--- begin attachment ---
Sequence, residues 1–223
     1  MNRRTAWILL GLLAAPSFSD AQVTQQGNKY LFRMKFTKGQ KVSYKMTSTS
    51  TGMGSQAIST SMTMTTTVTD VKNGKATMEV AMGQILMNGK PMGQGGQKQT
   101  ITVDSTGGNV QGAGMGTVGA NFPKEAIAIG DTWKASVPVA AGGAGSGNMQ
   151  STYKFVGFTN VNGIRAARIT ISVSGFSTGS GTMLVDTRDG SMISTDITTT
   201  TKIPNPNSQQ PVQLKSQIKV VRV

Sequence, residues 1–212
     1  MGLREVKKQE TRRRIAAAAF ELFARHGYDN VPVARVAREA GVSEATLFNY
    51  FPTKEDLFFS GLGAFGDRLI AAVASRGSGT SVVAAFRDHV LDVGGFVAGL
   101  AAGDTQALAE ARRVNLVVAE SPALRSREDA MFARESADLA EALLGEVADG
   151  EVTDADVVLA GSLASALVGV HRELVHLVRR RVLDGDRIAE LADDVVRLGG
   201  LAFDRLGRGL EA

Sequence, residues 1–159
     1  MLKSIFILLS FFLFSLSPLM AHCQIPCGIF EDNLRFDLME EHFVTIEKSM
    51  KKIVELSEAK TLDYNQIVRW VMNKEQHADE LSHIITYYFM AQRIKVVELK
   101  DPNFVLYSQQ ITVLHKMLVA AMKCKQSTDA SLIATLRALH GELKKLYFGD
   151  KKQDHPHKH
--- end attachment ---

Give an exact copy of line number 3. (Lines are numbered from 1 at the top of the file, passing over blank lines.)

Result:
    51  TGMGSQAIST SMTMTTTVTD VKNGKATMEV AMGQILMNGK PMGQGGQKQT